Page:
with Bill Johnston
High Clearance Trans Mount
Upgrades are designed out of a need to improve actual performance of a particular vehicle component group. This is what separates an upgrade from a decorative bolt-on. The High Clearance Trans Mount (HCTM) is an upgrade that has been needed for a long time. The installation time is about 45 minutes, and that includes pulling out the tools and putting them away again.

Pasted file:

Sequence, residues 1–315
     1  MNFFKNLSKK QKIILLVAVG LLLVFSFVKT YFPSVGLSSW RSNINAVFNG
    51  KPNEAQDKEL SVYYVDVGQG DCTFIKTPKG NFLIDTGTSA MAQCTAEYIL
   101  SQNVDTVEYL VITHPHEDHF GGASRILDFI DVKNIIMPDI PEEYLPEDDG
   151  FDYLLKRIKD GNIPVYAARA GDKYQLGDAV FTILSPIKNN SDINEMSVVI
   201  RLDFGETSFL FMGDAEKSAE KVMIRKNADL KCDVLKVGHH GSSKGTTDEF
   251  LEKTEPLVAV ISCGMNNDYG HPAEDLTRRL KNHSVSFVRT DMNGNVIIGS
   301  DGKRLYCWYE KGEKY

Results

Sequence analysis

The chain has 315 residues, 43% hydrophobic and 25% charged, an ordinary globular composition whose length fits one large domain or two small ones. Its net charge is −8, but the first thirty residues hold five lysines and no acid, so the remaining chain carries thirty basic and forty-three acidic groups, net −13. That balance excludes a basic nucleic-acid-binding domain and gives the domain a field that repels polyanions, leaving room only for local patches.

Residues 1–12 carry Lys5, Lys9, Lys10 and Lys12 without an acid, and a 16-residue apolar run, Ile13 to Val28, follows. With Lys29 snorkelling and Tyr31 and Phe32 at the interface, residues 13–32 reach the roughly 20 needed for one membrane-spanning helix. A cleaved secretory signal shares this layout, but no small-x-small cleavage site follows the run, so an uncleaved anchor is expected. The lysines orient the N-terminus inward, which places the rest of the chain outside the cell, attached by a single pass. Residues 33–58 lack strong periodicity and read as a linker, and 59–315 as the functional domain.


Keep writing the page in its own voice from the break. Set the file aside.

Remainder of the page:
Why would we need such a bracket? Take a look at the front driveshaft on the left. This is a high clearance KAD shaft built by Arizona Drivelines. This shaft is designed to have a thinner top end, so it doesn't contact the cross member as easily as a stock unit. But in the picture you can clearly see the wear marks where this zook has flexed enough to push this limit. The cross member has a shelf (seen in the picture to the right) that the transmission mount bolts to. This shelf is in the way when removing and replacing the transmission. The HCTM is a fully bolt on upgrade designed to solve both of these problems while still providing a reliable platform to support the transmission. For the installation, you first should support the transmission before removing the original rear mount. The Samurai has a safety cross member (round tube style located near the engine) that will hold the weight of the transmission off the ground, but you need to relieve the pressure on the rear mount bolts for removal. There are four bolts attaching the rear mount to the transmission and two bolts holding the rear of the mount to the cross member shelf. You can also see in the picture where the shelf had previously been trimmed to make it easier for transmission changes. The rear mount is then removed and then replaced with the HCTM top plate and a pair of rubber mounts (actually stock transfer case mounts). When purchasing the HCTM from Rock 4xFabrication, you have the option of omitting the cost of the rubber mounts if you have some spares in the garage. I (personally) would include the mounts as they are handy to have as spares anyway... The original bolts are very long because of the thickness of the stock rear mount. We used shorter bolts to mount the new top plate so that we didn't bottom out and break something while applying torque during installation. Placing the main cross member in place will show you just where the frame retainer brackets need to go. The heat shield on the drivers side must be removed and trimmed to allow the frame retainer bracket bolt to slide past. The brackets leave enough room to allow the fluid lines to pass without incident. The main cross member bolts to the frame retainer on both ends. Assemble the brackets, but don't tighten anything down until you have made sure everything is lined up and is not contacting anything besides the frame. Once everything is set the way you like it, tighten the nuts and bolts starting from the center (rubber mounts). Continue to the outer brackets. This installation can be done in two segments. The next segment will show how to strengthen the end of the original cross member that serves as a forward mount for the transfer case. This will allow us to trim and remove the original cross member without endangering the transfer case. Until then, we have trimmed back the original transmission mounting shelf with a sawzall.